The following parameter is optional and can be included in the params object of your JSON-RPC request if you want functionality that is different from the default:

pregeneratedRandomization (default value null)
Allows the client to specify that the random values should be generated from a pregenerated, historical randomization instead of a one-time on-the-fly randomization. There are three possible cases:
  • If the caller specifies a null value (or does not specify a value), then RANDOM.ORG will generate true randomness specifically for the caller and will discard this randomness immediately after it has been used to generate the random values requested. This is the standard way of using a true random number generator.
  • If the caller specifies an object of the form { "date": "YYYY-MM-DD" } where YYYY-MM-DD is a date in ISO 8601 format, then RANDOM.ORG uses historical true randomness generated on the corresponding date. The date must be in the past or the current date in UTC time.
  • If the caller specifies an object of the form { "id": "PERSISTENT-IDENTIFIER" } where PERSISTENT-IDENTIFIER is a string, then RANDOM.ORG uses historical true randomness derived from the corresponding identifier in a deterministic manner. The identifier must have a length in the [1, 64] range.
The two non-null forms for the pregeneratedRandomization parameter causes RANDOM.ORG to generate the random values based on a pregenerated randomization, i.e., historical true randomness generated by RANDOM.ORG at some point in the past. This makes it possible for the client to replay a given sequence of numbers at a later stage, and also allows multiple parties in different locations to get the same numbers in a predictable fashion. These modes effectively turn RANDOM.ORG into a pseudo-random number generator.

It should also be noted that Gaussians are always picked with replacement.

Successful Response

If the numbers were generated successfully, RANDOM.ORG returns a JSON-RPC response with the result property containing an object with the following named values:

random
This object encapsulates the random numbers and associated data. It contains the following properties.
data
An array containing the sequence of numbers requested.
completionTime
A string containing the timestamp in ISO 8601 format at which the request was completed.
bitsUsed
An integer containing the number of true random bits used to complete this request.
bitsLeft
An integer containing the (estimated) number of remaining true random bits available to the client.
requestsLeft
An integer containing the (estimated) number of remaining API requests available to the client.
advisoryDelay
An integer containing the recommended number of milliseconds that the client should delay before issuing another request.

For a successful response, the error property is absent.

Simple clients may not necessarily need all of the properties in the response. A minimal client could use only the random.data and advisoryDelay properties and ignore the rest of the response.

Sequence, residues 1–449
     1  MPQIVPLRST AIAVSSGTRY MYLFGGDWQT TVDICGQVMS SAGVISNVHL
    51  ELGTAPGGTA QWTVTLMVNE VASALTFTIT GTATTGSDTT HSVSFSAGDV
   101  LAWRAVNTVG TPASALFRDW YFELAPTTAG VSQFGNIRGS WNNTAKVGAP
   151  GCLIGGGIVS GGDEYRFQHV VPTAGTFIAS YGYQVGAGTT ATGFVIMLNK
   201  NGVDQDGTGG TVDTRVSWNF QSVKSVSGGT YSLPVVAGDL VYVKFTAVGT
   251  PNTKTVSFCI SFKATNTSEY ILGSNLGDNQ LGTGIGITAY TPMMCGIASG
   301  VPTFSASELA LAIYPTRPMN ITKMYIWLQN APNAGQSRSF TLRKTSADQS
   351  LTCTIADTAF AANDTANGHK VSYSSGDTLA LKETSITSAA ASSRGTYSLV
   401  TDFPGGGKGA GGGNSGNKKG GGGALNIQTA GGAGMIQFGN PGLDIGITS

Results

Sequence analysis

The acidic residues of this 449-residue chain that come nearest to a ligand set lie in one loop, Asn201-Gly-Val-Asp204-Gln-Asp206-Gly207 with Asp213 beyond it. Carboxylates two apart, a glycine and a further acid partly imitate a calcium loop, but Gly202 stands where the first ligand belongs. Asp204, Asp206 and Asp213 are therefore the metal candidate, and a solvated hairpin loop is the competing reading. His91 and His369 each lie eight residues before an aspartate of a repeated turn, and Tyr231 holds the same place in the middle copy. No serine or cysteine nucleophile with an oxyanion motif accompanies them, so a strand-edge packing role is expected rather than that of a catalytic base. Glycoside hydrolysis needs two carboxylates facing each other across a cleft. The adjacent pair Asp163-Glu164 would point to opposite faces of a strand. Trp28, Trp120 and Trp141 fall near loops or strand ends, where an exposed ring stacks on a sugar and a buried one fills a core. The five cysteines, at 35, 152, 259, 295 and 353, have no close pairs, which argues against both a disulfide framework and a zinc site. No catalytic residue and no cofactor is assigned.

Error Response

If an error occurred, RANDOM.ORG returns a JSON-RPC response in which the result property is absent and the error property contains an error object as described in Error Codes and Messages.

Example 1

The following requests four random numbers from a Gaussian distribution with mean 0.0 and standard deviation 1.0, accurate up to eight significant digits.

{
    "jsonrpc": "2.0",
    "method": "generateGaussians",
    "params": {
        "apiKey": "6b1e65b9-4186-45c2-8981-b77a9842c4f0",
        "n": 4,
        "mean": 0.0,
        "standardDeviation": 1.0,
        "significantDigits": 8
    },
    "id": 42
}

The service responds with the following:

{
    "jsonrpc": "2.0",
    "result": {
    	"random": {
            "data": [
                0.4025041, -1.4918831, 0.64733849, 0.5222242
            ],
            "completionTime": "2013-01-25 19:16:42Z"
        },
        "bitsUsed": 106,
        "bitsLeft": 199894,
        "requestsLeft": 5442,
        "advisoryDelay": 0
    },
    "id": 42
}

The random.data array within the result contains the true random numbers produced. Note that while eight significant digits are used, final zeroes after the decimal points are not shown, making some numbers appear to have fewer significant digits. Also note that the completionTime specifies UTC time zone (‘Zulu time’) by the letter ‘Z’ after the clock time. Through the other fields in the result object, RANDOM.ORG also advises how many true random bits were used to satisfy the request (106) and how many bits (199,894) and requests (5,442) are left in the client's quota. It also advises the client that it can go ahead and issue the next request without delay (0 milliseconds).

Example 2

The following requests 2,000 random numbers from a Gaussian distribution with mean of 1,100 and standard deviation of 100, accurate up to four significant digits. This could be used to simulate the lifetimes of lightbulbs (measured in hours), as in example 10.3.5 of Handbook of Statistical Distributions with Applications.

{
    "jsonrpc": "2.0",